By getting creative and keeping a proactive attitude toward your day. Stay in attack mode. Pounce on any free minutes you have. How do you do that? I’d like to share a few tips that have worked for me.

  1. Take advantage of the mornings. After I drop the kids off at school, I come right back home, make myself a cup of tea, and sit down with my computer. I don’t get up for at least an hour. This first hour of the morning offers me a great deal of clarity because I haven’t cluttered my brain with everything else for the day just yet. I’m coming to my story fresh and with energy. On the days when I don’t get a chance to write at any other time, at least I know I’ve tucked in an hour of time first thing.
  1. Have kids in activities? Write. My daughters take art, dance, and music lessons after school. Because my husband is involved in a demanding career, I get to play chauffeur during the day. My computer goes with me everywhere. Dance moms can be incredibly chatty, but I don’t indulge in social time during class. I even leave the immediate vicinity of the lesson area by going to a coffee shop nearby (and, yes, I’ve taken the time to find coffee shops where I can escape.) These are times when I’m guaranteed freedom; the kids have something to keep them occupied and I am required to sit still. I make time for friends on other occasions. When I’m waiting for kids in lessons, I’m writing.
  1. Don’t underestimate the power of the half-hour. Okay, so I’ll admit that sounds a bit cheesy, but the point is this: Don’t think you need long stretches of time to write well or productively. If you find yourself with an extra half-hour of time, use it. Have leftovers in the fridge you can use for dinner? Use that time you’d normally devote to prepping your evening meal for writing. Did a friend make plans for lunch and then bail at the last minute? Use that bailout for writing. Is it a snow day and the kids are parked in front of a movie? Watch half of it with them and then spend the rest of the time writing. Look for those opportunities for that half-hour or even 10 minutes, and then use them.
  1. Writing doesn’t always mean with a pen or the computer. Agatha Christie said that one of the best times to write was when one was doing the dishes. You can substitute any mundane activity in that spot, and the idea still applies. Often when I’m driving from place to place, I let my mind work on my current work-in-progress. I think about the story, where it is, where I’d like to take it. I consider a variety of scenarios for my characters and use that time to work out story problems. When I sit down at my computer later, I’ve already got the bare bones framework in my mind.

It may take a little practice, but once you go after your day with a proactive “Writing first” mindset, you’ll find yourself with little pockets of time to write every day. Make it a priority, be flexible, and learn to adapt to what your day brings. You’ll finish that manuscript in no time.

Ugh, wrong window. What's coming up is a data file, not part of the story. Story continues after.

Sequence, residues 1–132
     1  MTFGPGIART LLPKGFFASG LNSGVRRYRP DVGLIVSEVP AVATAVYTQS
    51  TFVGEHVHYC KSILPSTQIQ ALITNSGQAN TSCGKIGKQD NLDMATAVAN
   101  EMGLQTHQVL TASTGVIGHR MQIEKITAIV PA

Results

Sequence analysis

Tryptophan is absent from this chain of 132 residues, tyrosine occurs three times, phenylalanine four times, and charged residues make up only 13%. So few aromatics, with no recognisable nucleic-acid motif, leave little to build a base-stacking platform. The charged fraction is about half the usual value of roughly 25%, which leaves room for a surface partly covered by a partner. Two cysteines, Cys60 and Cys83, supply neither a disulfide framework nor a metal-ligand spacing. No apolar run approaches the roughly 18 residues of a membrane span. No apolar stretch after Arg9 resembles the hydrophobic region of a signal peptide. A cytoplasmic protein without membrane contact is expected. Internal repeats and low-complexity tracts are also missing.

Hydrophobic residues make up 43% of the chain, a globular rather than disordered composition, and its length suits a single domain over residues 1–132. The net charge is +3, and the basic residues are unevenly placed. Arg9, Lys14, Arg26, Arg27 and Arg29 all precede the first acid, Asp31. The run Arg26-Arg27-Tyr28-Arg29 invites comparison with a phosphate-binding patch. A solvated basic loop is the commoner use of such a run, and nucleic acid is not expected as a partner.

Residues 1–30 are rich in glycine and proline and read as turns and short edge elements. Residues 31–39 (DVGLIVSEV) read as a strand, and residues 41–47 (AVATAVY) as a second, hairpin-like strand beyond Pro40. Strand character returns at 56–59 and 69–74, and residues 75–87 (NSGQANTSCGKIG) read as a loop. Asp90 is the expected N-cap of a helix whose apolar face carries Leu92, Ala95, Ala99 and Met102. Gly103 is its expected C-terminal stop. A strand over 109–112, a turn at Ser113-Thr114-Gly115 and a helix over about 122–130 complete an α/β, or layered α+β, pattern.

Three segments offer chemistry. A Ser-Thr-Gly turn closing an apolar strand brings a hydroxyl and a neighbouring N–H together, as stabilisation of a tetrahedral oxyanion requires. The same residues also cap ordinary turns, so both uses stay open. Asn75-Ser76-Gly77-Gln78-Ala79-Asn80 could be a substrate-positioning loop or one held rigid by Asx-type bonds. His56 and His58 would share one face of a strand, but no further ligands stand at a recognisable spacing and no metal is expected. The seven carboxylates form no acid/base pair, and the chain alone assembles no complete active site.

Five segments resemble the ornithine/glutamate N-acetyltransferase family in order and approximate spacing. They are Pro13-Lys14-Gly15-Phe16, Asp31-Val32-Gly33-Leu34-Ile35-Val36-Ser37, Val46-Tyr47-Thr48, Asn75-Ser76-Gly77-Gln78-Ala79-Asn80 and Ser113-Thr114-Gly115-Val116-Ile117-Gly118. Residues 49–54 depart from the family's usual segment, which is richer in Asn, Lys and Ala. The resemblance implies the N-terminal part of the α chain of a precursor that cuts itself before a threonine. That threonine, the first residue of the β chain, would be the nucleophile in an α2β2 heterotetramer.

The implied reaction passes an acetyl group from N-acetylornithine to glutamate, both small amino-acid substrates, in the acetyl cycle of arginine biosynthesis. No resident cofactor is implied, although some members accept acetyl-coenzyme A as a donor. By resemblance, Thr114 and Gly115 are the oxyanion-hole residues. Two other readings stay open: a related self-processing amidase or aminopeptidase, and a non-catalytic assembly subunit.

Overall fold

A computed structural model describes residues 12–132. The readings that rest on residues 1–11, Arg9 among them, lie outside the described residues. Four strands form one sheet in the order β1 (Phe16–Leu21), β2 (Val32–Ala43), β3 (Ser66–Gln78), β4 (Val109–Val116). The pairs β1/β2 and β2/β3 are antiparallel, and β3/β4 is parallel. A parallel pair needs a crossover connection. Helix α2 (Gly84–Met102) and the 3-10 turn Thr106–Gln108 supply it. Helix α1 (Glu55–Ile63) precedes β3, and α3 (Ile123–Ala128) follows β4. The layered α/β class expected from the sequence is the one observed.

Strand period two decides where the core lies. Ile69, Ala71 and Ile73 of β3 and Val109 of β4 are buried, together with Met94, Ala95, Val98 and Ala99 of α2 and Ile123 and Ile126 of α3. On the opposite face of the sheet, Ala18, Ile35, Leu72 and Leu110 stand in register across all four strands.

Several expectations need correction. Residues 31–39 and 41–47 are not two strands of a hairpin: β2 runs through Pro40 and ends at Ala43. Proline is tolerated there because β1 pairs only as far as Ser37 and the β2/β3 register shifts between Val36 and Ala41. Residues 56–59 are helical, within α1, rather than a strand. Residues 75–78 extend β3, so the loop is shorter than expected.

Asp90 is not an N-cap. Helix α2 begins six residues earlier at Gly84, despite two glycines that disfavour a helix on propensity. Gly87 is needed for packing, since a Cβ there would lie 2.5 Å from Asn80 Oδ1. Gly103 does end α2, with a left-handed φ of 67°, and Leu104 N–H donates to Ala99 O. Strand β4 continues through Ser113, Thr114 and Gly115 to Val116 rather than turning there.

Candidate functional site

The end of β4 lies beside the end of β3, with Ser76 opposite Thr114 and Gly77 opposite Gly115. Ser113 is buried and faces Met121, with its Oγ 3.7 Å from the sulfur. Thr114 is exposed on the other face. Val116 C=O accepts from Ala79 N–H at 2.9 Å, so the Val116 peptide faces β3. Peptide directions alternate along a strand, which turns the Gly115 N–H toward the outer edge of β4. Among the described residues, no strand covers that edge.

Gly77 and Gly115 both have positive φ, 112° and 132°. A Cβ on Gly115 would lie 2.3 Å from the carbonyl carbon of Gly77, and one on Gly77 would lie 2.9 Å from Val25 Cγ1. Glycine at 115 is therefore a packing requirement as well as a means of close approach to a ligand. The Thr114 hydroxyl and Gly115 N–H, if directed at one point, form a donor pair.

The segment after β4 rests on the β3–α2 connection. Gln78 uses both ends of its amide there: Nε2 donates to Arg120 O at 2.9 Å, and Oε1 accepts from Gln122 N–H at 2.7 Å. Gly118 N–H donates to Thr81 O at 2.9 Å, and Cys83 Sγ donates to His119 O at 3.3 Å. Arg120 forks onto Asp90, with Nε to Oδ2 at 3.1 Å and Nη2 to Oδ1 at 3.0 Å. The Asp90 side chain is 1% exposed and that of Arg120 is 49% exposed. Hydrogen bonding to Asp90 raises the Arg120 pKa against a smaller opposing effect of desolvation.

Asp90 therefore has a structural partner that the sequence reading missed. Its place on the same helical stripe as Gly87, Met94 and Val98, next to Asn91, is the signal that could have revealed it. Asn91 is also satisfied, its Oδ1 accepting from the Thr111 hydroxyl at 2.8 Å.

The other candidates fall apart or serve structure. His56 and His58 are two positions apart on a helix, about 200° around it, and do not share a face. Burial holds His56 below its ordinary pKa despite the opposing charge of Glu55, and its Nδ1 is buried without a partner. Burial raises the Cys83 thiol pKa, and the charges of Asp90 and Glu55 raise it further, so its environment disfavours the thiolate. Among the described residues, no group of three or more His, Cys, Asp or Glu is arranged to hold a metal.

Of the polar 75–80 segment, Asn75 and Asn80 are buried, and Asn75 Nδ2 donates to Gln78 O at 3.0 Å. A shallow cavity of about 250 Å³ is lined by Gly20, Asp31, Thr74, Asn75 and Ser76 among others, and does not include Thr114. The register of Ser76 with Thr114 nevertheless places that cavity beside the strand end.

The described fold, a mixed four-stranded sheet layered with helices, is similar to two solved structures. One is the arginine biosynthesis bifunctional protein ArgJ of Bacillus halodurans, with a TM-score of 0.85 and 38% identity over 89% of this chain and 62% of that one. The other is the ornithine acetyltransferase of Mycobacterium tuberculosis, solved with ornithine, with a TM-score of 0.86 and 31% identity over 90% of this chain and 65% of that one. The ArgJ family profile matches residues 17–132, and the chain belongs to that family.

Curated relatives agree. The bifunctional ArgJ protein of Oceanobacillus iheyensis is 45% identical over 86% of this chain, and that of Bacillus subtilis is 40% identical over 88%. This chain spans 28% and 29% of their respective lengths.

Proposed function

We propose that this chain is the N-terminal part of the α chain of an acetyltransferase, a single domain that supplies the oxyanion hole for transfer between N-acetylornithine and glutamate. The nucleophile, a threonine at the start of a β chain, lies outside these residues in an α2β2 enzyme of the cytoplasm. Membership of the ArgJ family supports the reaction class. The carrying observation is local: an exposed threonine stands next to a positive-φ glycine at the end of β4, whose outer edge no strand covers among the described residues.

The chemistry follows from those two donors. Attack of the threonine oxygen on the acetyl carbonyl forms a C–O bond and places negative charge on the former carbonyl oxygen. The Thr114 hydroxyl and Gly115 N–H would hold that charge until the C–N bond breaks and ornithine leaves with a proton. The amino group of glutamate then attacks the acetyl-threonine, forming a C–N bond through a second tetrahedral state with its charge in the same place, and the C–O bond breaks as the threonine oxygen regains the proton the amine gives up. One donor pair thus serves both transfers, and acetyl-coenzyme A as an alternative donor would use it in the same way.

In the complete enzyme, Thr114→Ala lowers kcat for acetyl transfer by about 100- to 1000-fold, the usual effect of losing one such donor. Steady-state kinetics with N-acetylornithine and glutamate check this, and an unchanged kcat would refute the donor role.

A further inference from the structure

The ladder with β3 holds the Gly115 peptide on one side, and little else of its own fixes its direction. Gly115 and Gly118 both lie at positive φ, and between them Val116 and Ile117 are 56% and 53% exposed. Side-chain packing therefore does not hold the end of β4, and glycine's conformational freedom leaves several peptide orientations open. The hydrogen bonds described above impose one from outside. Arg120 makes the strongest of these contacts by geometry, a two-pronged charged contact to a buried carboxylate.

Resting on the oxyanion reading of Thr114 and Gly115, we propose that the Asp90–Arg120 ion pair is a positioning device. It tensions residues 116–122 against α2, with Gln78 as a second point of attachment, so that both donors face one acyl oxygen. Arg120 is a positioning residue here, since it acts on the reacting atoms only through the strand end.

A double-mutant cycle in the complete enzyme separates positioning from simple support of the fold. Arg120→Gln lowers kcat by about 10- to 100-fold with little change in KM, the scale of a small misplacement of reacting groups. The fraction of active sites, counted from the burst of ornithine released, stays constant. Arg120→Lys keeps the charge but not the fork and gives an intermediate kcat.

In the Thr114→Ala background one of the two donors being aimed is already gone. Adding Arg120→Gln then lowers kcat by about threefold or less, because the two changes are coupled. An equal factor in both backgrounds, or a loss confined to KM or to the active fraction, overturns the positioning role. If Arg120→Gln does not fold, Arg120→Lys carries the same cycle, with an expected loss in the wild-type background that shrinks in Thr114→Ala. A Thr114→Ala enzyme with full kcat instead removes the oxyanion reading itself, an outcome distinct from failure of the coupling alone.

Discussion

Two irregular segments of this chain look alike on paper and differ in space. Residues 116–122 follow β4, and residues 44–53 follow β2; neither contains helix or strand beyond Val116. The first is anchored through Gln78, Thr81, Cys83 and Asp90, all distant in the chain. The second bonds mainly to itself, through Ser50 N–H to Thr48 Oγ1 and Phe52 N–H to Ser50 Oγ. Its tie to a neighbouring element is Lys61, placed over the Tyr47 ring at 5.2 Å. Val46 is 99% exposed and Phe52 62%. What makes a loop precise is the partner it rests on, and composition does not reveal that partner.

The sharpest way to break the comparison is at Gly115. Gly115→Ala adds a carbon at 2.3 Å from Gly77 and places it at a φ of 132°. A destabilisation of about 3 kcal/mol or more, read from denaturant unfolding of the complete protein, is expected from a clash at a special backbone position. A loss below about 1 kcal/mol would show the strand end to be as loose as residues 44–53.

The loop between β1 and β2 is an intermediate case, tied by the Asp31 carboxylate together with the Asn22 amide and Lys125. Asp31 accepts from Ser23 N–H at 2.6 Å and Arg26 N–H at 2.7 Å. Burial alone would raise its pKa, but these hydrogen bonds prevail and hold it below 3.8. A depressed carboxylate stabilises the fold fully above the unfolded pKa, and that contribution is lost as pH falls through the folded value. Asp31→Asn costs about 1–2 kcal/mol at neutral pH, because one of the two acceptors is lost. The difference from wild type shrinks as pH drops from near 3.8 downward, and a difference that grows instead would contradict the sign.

With an MSJ in magazine publishing from the Medill School of Journalism at Northwestern under her belt, Ekta has enjoyed a great deal of diversity in her publishing career. Since 2005 she has written and edited about everything from healthcare to home improvement to Hindi films for a variety of publications. In 2014 Ekta launched Prairie Sky Publishing as the home of her dynamic short story concept, Stories in Pairs. She also manages her professional writing platform, The Write Edge, as well as its three extension blogs on weekly fiction, parenting, and book reviews, and she completes her passion for storytelling by editing the manuscripts of writers who want to prepare their work for publication. When not fulfilling her writing and editing dreams on a regular basis, Ekta maintains her position as a domestic engineer (housewife) and enjoys being a mother to two beautiful daughters.

Check out Ekta’s sites, and connect with her via social media:

Prairie Sky PublishingThe Write EdgeFacebook, GoodreadsTwitter

Email, [for editing questions] [for publishing questions]

Don’t forget to submit your short story for a chance to win $150! Submissions are due by February 25th. Click here for details.

Your Secret Bucket List


IMG_0655I bet you have two bucket lists.

I used to.

They’re usually labeled, “It Could Happen,” and “Only if I Can Find Where My Dog was Burried in the Backyard On the First Try.” Otherwise known as, “Not On Your Life.”

In the “It Could Happen” bucket, you have things like,

Ride in a hot air balloon

Get a promotion

Live long enough to see Episode IV

Make out with someone by graduation

Read ten books this year

These are things well within our grasp. Well, my high school self had a hard time finding people to make out with, but chances are, if you’re not me, you can make it happen.

These are things most people around you have accomplished and, as long as you don’t mistake an active volcano for a swimming pool, you’ll live long enough to carry out as well.